Our Thailand adventures in 2008 including meeting Alanna and Atom at the falafel cart on Koh San Road in Bangkok. George and I met so many wonderful vagabonds, travelers and explorers on our journey. We will be bringing you more and more of their stories on our expanded site. Enjoy Alanna’s adventure:
by Alanna Airitam
The journey started in Mae Sai (the northern most tip of Thailand) and the plan was to ride down to Phuket. We were not even halfway along the journey and I’d already developed a schizophrenic relationship with my bicycle and the journey; both loving it and hating it simultaneously.
We woke up early, packed up the tent and strapped all of our belongings to the back of our bikes. We were about two weeks into the journey and all I could think about were hot showers, chocolate cake, and if I’d make it another nine hours on the road. Without saying a word, we ate some left over fruit from the night before and headed off into the dark of the morning. We wanted to make it to Sukhothai before the sun went down. We had roughly a one-hundred and thirty kilometer day ahead of us. And I prayed we’d agree to get a guesthouse with a hot shower when we got there.
There is no better way to experience a country than to go through it slowly. I felt sorry for the people who passed us in buses who didn’t get to meet the people we met, eat in their houses and hear their stories. The beauty of the land in between cities was not trampled on and consumed by thousands of unconscious tourists. It was revered and gazed upon in awe with each push of my pedal. It was what kept me going. Let me back up a bit and say, I’m not a cyclist. This journey was the first time I had really been on a bike in over twenty years. God, that makes me feel old. Anyway… I digress.
Just before the light of the new day made it’s way onto the road, we made our way down the hills passing monks gathering their daily alms. The people starting to appear more and more with each mile we pass. I breathe the fresh, morning air in deep into my lungs and smile at the simplicity of life. Children in identical uniforms laughing on their way to school; old women meeting at the local shop to exchange gossip from the day before; men leaning on their sawngthaews getting ready for the daily shuttles. I loved this -the shear ease in which people carry on their lives here. There’s no rush or need like in the city. There’s plenty of time to greet the neighbors, and send the kids off to school with lunches of rice and colorful drinks in plastic bags.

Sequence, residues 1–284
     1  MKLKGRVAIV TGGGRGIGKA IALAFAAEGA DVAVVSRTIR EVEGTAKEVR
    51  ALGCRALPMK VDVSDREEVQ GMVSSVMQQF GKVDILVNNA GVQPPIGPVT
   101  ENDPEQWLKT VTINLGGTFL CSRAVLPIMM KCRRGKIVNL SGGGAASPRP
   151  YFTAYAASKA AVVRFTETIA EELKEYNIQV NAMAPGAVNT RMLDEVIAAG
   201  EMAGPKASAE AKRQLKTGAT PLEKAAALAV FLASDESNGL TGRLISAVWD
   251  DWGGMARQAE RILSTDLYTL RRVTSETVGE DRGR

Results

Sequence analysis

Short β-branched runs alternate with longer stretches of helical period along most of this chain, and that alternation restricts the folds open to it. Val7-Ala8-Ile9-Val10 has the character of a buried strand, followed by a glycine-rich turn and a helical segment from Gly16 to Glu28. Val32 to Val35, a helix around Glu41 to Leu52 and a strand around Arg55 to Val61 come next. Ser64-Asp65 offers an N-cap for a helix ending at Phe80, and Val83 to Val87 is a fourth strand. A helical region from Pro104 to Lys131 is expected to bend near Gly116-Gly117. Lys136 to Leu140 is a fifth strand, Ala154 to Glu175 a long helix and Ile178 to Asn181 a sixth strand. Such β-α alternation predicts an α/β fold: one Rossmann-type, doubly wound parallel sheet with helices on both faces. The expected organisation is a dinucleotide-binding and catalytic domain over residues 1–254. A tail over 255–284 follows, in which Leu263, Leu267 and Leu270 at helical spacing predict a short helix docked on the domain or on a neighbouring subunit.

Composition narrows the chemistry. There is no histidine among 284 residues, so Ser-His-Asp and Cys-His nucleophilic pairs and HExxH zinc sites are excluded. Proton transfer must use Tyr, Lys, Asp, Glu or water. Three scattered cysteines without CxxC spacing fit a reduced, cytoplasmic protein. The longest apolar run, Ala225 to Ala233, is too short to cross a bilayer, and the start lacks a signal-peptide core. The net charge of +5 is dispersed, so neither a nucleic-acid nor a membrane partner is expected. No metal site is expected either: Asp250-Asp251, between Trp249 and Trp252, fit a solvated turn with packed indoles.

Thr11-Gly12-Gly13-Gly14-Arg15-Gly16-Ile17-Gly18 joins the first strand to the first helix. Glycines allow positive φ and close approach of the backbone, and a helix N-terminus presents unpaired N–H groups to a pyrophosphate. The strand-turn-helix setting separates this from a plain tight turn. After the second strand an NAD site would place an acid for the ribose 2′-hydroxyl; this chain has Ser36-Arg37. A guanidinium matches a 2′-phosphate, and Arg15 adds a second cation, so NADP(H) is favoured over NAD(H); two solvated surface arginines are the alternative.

This trip has made me put a lot into perspective about my life. And for a moment, I quietly celebrate my determination and strength to ride another day. It’s not easy. My body is in pain. I haven’t showered in days. We’ve been chased by dogs, stared down by locals, and come close to being road kill by mad truck drivers countless times. And yet, every day, I agree to get back on the bike and do it again. I don’t have to. I can easily hop the next train down to Bangkok and take the quickest flight to Phuket to sip cocktails on a beach for the remainder of my time in Thailand. But I don’t. I get on the bike and agree to another day of chafing on my ass. It’s possible I’m riding as far and as fast as I can to get away from all the things I left in California; a pending divorce, my abandoned career in advertising, my perfect little home in Orange County that houses my perfect little car and the perfect golden retriever. Now, I don’t mean to sounds ungrateful. I really appreciate that life. But it just wasn’t… me. And the longer I stayed in it, the closer I got to losing myself completely and possibly for good. I didn’t belong in the life of the constructed and clearly defined. I felt stifled, lost and trapped. I felt more dead than alive. And I knew not so deep down, and quite close to the surface is an explorer. I knew there was more to living than the safe, sterile life I was given. I am a strong, capable woman with an instinctual desire to feel deeply, love completely and experience life in a way that I never knew.